The vendor of a medical device being offered on the online platform Amazon cannot be held responsible for customer reviews not initiated by them (Federal Court of Justice, judgement of 20 February 2020, file no. I ZR 193/18).
In the underlying case, the defendant offered kinesiology tapes in 2013 and advertised them claiming that they were suitable for pain relief. Due to the lack of medical proof, the defendant had to submit a cease-and-desist declaration with a penalty clause after receiving a warning letter from an association.
In January 2017, the defendant offered the kinesiology tapes on Amazon. Customer reviews were visible below this offer, among others with the following statements: “Pain relieving tape!, “The pain subsides quickly”, ” Noticeable alleviation of pain”, “The taping causes the pain to go away”. Despite the defendant’s request, Amazon refused to delete the customer reviews. The association’s subsequent attempt to claim a contractual penalty from the defendant was futile.
The Regional and the Higher Regional Courts rejected the plaintiff´s complaint. The Federal Court of Justice (FCJ) agreed with the opinion of the courts and rejected the further appeal directed against it. It ruled that the Higher Regional Court had rightly rejected the plaintiff’s injunction claim based on § 8 para. 1 sentence 1, para. 3 no. 2, § 3 para. 1, § 3a Unfair Competition Act in connection with § 11 para. 1 sentence 1 no. 11 Law on Advertising in the Health Care System and stated that the defendant had not advertised with the customer ratings.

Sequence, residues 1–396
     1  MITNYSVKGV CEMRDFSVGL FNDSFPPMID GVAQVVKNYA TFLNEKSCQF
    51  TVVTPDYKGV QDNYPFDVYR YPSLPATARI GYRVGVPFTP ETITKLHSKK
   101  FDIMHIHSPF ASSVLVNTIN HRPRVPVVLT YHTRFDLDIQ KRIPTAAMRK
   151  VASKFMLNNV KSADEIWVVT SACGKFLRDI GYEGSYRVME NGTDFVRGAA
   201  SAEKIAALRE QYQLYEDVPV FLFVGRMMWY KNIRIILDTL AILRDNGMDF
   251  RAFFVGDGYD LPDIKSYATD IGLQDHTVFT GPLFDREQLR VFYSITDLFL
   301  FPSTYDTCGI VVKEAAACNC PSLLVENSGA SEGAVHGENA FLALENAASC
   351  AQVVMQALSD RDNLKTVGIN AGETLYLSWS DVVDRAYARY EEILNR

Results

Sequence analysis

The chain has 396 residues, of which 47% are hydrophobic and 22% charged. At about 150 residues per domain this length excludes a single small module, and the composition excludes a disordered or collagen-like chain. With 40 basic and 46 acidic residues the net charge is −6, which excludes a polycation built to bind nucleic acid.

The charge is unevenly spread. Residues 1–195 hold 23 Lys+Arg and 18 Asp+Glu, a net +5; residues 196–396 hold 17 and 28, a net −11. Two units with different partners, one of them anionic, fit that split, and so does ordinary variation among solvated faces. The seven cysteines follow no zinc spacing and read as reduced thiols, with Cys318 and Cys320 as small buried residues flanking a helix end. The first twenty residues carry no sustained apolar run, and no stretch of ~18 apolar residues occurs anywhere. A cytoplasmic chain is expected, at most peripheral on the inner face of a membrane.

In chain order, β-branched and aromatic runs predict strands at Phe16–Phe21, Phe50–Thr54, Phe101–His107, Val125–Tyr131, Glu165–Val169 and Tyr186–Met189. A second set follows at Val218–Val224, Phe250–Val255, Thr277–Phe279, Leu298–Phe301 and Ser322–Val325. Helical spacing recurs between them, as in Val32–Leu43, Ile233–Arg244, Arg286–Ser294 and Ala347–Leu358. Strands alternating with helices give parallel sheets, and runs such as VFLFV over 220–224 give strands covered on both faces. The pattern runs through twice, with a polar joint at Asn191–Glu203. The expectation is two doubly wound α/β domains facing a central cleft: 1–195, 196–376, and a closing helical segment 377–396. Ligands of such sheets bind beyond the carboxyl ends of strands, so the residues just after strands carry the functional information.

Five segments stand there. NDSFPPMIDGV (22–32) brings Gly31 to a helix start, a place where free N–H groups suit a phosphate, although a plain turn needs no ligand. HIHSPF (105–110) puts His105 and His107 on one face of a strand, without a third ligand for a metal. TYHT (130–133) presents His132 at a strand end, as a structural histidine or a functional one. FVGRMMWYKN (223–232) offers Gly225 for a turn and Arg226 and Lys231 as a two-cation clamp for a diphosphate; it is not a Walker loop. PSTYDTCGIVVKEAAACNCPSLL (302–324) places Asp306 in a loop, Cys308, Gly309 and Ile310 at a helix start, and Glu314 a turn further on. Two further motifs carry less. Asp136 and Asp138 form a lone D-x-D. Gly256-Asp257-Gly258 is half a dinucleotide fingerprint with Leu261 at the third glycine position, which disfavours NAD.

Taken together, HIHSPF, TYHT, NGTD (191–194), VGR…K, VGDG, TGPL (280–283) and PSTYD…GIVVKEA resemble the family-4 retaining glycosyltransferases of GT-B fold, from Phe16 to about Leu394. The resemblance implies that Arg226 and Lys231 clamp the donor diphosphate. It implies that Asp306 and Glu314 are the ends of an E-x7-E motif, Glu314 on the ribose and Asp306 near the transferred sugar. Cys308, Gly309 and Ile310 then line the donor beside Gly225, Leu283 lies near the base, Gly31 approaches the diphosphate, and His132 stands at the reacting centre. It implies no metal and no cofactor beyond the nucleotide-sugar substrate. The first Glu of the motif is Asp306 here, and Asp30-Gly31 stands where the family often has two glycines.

The FCJ added that the disputed customer evaluations are indeed misleading, because the alleged effect cannot be sufficiently medically proven. However, the defendant had not advertised the kinesiology tapes it offers with these customer reviews. The facts of § 11 (1) sentence 1 no. 11 Law on Advertising in the Health Care System require that the defendant has aimed to promote its sales with the customer reviews. This is not the case here. The defendant also did not espouse the customer reviews as its own position. There was also no justification to make the defendant liable for a tortious act neither from the point of view of their own active behaviour nor from the point of view of an omission contrary to duty. In the context of the required considerations, no guarantor status of the defendant can be assumed in this respect.
The decision should be welcomed. It is true that, particularly for medical devices and pharmaceuticals, there are high demands on the factual accuracy of advertising statements. However, the FCJ makes it clear that this should not lead to an extension of liability for statements made by third parties. The protection against specific health hazards intended by § 11 (1) sentence 1 no. 11 Law on Advertising in the Health Care System does not apply if the public does not perceive statements made by third parties as advertising. Distributors of medical devices should therefore check that they do not espouse independent customer ratings on relevant online platforms, to avoid establishing any responsibility for those statements under competition law.